He leído que usted pasó años tratando de contar la historia de Sadourni . ¿De dónde provienen de la historia y por qué es tan importante para ti ?

Hace muchísimos años empecé a soñar recurrentemente con la figura de un enano en conflicto con su identidad, en crisis con su constitución (física e intelectual), alguien preso en su propio cuerpo. Sin la posibilidad de crecer. Mi hermano nació con su pierna izquierda más corta que la derecha. Con el correr de los años su cuerpo se desarrollaba pero su pierna izquierda no. Era una “pierna Peter Pan”, no crecía. Durante unas vacaciones, siendo niño, tomé una lagartija por la cola, la cual se desprendió del cuerpo del animal que escapó velozmente. Su cola quedó moviéndose en mi mano. Mi padre me explicó entonces que algunos ofidios tienen la capacidad de regenerarse y el hecho de que mi hermano no tuviera esa capacidad me mortificaba. Muchos años después de escribir el guión de Sadourní supe que la historia del enano era la mía y la de mi hermano. No me interesaba hacer simplemente una película: quería hacer “la nuestra”. Y una historia tan personal, que reserva tantos misterios incluso para quien la ha escrito, es difícil de financiar.

 ¿Qué tan difícil fue encontrar un reparto y el equipo que entendió su visión única para Sadourni ?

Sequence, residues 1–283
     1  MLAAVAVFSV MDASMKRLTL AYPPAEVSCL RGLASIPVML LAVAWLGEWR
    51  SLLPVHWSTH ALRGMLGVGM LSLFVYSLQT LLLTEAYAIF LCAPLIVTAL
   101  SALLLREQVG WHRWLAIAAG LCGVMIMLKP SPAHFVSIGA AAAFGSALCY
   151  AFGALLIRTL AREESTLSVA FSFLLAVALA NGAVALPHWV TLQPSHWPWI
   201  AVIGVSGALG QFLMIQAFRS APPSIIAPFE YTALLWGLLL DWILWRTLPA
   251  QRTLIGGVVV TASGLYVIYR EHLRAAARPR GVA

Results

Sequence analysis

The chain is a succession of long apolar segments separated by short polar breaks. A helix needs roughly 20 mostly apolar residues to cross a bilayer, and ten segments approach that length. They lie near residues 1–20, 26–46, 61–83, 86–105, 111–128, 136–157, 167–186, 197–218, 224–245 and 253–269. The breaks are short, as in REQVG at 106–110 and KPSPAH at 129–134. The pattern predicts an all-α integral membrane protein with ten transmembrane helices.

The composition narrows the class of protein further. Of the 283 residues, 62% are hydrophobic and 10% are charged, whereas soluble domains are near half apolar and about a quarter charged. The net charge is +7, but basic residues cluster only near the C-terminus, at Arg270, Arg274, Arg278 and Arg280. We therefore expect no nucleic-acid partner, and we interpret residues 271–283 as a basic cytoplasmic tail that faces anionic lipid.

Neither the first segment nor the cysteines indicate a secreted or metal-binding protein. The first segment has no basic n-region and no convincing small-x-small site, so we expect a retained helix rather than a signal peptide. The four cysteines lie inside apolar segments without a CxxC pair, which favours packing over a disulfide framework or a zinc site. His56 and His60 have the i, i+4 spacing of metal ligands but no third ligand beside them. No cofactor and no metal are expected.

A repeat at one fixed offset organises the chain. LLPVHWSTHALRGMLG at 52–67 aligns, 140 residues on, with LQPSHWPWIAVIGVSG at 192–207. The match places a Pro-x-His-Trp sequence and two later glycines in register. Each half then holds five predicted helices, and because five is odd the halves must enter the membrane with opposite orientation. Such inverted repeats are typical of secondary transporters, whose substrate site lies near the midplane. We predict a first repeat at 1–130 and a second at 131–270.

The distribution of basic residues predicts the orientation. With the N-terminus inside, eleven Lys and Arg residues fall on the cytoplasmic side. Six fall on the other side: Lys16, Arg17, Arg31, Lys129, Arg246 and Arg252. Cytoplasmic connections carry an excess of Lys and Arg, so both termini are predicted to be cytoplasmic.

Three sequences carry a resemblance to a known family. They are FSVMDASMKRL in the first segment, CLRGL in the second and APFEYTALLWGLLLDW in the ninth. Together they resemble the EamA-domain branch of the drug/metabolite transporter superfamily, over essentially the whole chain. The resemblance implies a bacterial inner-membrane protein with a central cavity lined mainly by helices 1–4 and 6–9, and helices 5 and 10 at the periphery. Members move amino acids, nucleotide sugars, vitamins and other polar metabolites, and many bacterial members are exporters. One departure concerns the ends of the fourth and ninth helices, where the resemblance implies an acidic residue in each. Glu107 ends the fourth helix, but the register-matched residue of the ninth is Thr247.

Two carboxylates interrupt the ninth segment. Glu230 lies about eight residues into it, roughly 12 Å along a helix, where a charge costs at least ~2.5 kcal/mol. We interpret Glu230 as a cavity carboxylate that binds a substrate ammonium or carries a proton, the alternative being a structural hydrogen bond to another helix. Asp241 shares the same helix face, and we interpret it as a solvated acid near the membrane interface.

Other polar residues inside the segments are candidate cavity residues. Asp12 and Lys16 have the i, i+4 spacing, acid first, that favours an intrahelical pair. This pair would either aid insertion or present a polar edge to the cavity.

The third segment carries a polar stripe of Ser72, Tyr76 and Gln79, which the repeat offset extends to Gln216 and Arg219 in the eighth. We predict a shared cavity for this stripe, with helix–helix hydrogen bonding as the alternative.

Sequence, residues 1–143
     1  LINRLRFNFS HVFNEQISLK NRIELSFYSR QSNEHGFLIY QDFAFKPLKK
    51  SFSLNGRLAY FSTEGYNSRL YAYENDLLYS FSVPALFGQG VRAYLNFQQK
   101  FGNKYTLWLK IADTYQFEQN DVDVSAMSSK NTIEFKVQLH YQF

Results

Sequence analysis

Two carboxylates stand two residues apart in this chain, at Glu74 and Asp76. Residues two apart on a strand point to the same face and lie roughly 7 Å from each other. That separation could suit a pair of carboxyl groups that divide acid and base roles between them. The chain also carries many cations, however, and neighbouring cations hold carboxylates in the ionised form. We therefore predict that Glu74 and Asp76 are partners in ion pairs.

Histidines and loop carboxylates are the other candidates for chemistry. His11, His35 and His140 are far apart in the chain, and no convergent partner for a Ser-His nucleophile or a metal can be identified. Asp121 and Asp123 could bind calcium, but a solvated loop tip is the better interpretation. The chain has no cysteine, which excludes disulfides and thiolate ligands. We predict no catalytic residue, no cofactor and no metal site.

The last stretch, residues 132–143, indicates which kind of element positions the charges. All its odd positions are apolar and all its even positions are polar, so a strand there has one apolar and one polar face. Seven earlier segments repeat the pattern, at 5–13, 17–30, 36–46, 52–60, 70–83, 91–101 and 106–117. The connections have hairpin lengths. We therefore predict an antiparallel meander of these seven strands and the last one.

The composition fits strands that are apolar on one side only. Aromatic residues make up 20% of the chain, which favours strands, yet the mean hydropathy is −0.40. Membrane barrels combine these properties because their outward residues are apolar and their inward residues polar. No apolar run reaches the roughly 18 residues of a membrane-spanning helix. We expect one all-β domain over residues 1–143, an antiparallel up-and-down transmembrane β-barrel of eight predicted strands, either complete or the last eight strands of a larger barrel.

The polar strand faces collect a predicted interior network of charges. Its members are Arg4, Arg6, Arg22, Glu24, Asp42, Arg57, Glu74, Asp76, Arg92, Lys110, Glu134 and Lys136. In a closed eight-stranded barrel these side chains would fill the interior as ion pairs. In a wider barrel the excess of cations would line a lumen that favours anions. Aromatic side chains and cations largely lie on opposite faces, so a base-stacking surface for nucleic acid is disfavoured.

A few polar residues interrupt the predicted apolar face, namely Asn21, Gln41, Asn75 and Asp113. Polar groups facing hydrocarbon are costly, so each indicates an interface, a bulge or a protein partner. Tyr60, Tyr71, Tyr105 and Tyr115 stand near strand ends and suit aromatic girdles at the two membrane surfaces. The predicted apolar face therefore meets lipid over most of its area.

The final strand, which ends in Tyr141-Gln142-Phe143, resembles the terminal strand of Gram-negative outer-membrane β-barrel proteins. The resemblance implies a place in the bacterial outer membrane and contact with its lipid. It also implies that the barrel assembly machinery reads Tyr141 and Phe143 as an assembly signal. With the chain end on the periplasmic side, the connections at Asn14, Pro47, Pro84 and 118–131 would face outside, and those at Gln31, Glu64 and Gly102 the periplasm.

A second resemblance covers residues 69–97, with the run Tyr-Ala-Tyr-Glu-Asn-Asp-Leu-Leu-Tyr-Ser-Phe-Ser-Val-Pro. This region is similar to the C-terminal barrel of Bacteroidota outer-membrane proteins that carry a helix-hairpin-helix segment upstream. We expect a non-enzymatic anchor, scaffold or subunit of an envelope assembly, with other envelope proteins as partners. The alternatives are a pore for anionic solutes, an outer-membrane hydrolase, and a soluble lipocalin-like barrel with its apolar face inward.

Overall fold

Durante el tiempo que tardé en encontrar el dinero fui puliendo el proyecto: eligiendo cuidadosamente las locaciones y los actores. La mayoría son actores no profesionales, pero tengo buen ojo y, por ejemplo, el personaje de Volframio es interpretado por Osvaldo Delgado, a quien lo abordé en la calle y quien ya había trabajado con Almodóvar.

 El aspecto de Mariposas de Sadourni es tan excepcional , pero trae a la mente la obra de Fritz Lang, Jodorowski , Buñuel . Hizo su trabajo influyen directamente en usted ?

Mis influencias más poderosas son de directores de cortos de animación: Piotr Dumala, Jan Svankmajer, los hermanos Quay, etc.

 ¿Cómo afecta la apariencia de su ayuda la película cuenta la historia ?

La idea de que cada aspecto técnico estuviera tan cuidado tiene que ver con un efecto que quería lograr: hacer sentir al espectador lo mismo que el personaje: que cada uno de sus movimientos ha sido previsto, predeterminado, todo presenta un orden opresivo al que el protagonista debería revelarse. Tal orden es interno y reflejado en el entorno.

 Las Mariposas de Sadourni es extremadamente ambiciosa primera película. ¿Qué tipo de experiencia ha tenido con el cine antes de éste ?

Fueron cortos de animación y uno en las que las imágenes fueron filmadas en función de una pieza musical de Verdi: ese corto funcionó como un precedente de las secuencias musicales de Sadourní.